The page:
Dog food is food specifically formulated and intended for consumption by dogs and other related canines. Like all carnivores, dogs have sharp, pointed teeth, and have short gastrointestinal tracts better suited for the consumption of meat. In spite of this natural carnivorous design, dogs have still managed to adapt over thousands of years to survive on the meat and non-meat scraps and leftovers of human existence and thrive on a variety of foods.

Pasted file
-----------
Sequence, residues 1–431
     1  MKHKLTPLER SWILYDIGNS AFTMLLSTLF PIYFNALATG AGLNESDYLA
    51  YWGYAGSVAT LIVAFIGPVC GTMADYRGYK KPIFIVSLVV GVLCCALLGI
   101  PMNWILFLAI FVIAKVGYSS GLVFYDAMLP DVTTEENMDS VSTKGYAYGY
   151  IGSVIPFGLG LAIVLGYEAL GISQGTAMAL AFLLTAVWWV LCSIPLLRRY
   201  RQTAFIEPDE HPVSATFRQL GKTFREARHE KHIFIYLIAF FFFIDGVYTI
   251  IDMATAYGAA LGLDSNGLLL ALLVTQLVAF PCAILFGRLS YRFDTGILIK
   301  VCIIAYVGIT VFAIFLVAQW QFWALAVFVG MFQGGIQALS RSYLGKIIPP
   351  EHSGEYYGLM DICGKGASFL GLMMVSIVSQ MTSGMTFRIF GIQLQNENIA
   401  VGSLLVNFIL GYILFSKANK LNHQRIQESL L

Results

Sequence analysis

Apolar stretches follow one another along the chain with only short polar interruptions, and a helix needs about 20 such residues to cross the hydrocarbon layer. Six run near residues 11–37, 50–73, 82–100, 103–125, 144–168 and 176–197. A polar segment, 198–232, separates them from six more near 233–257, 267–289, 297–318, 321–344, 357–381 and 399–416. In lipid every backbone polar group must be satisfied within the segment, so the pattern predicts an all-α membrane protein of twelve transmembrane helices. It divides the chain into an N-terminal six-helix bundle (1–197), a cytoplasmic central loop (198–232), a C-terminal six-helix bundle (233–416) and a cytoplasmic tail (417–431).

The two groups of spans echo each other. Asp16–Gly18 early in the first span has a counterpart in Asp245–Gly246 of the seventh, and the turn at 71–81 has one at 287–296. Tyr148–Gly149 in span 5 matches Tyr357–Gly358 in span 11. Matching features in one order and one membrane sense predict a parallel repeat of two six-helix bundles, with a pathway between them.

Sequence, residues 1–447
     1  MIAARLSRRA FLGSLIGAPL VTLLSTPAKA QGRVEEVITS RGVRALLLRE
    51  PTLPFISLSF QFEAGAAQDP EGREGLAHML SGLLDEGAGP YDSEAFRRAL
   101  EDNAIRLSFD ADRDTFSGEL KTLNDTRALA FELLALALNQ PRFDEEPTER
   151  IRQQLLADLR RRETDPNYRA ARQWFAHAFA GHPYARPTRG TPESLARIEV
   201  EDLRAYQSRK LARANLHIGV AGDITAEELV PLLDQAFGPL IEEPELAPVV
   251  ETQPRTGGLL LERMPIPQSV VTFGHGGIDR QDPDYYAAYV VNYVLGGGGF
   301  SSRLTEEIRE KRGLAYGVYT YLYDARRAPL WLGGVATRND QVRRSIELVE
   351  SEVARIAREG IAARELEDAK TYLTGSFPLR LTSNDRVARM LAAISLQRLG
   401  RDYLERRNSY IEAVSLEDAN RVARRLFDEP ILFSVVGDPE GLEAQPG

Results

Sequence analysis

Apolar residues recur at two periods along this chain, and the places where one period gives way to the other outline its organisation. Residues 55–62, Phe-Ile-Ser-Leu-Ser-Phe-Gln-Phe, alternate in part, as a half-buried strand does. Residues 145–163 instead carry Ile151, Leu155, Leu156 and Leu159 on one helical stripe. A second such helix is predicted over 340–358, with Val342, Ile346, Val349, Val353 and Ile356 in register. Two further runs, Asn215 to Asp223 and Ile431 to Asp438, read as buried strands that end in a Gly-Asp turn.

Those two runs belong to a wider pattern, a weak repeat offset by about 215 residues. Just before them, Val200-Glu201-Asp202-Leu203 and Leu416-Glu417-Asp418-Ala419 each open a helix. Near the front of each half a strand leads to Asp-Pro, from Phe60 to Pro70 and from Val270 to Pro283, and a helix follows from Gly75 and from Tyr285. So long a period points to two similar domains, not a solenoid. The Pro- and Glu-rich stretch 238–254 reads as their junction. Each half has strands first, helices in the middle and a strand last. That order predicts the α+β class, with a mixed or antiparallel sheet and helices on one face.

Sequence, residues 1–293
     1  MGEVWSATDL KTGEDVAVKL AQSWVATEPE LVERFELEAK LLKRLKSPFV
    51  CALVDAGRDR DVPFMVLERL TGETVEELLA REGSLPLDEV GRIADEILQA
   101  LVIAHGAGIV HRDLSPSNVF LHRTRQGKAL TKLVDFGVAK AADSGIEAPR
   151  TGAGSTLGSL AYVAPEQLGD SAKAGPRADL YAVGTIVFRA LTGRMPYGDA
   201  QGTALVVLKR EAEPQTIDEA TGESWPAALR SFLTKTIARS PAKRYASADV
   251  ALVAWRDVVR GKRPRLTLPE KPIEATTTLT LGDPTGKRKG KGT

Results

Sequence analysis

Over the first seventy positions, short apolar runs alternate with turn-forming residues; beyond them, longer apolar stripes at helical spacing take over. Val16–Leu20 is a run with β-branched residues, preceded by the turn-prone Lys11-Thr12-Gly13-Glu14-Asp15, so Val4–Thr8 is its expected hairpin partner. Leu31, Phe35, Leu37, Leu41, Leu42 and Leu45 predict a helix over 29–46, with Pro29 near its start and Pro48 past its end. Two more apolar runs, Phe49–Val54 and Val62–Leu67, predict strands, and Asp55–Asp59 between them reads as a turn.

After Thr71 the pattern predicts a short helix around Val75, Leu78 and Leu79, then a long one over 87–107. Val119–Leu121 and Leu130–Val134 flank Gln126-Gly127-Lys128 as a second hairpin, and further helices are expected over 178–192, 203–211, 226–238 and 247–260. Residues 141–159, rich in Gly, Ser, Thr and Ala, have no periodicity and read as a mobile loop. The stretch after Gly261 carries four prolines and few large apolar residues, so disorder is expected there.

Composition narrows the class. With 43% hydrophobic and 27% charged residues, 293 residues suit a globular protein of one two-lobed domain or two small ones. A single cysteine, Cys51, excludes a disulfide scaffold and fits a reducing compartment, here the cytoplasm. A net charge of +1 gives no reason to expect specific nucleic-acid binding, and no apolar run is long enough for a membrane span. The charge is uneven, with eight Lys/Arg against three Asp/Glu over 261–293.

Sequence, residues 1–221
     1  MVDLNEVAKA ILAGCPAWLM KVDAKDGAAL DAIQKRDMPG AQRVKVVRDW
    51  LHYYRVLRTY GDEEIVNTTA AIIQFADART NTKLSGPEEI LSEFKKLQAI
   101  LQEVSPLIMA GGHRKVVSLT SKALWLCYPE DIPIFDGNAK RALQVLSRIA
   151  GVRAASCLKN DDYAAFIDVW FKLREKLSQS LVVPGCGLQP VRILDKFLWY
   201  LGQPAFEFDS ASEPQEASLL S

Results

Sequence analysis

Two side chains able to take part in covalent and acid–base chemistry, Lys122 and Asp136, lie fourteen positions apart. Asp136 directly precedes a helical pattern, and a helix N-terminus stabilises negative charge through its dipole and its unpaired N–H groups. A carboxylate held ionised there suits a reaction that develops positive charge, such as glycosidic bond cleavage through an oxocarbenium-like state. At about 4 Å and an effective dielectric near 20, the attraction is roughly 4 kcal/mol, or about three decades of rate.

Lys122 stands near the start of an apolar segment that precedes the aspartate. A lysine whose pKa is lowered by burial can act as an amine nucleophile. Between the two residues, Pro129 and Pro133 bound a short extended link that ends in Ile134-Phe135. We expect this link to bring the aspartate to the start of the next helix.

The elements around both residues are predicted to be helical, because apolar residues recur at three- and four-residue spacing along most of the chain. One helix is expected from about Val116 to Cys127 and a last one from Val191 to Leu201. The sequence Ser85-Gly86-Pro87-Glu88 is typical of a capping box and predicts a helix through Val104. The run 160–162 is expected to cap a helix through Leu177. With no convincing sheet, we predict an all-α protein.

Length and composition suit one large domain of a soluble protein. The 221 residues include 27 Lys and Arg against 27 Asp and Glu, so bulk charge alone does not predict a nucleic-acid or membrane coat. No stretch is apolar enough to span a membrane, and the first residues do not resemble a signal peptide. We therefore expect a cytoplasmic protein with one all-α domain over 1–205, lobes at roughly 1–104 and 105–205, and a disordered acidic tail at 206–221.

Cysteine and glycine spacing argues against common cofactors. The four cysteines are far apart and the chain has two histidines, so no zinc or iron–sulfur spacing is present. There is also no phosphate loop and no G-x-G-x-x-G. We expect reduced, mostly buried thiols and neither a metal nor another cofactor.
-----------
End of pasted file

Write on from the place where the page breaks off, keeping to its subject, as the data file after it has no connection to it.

Some dog food products differentiate themselves as grain- or carbohydrate-free to offer the consumer an alternative, claiming carbohydrates in pet foods to be fillers with little or no nutritional value. Carbohydrates in dog food contribute to approximately 3.5 cals of energy per gram, the same as protein per the modified Atwater method of calculating metabolizable energy. The grain-free diets have created a trend toward avoiding commercial pet food. However, a recent study published in Nature suggests that domestic dogs are able to metabolize carbohydrates.
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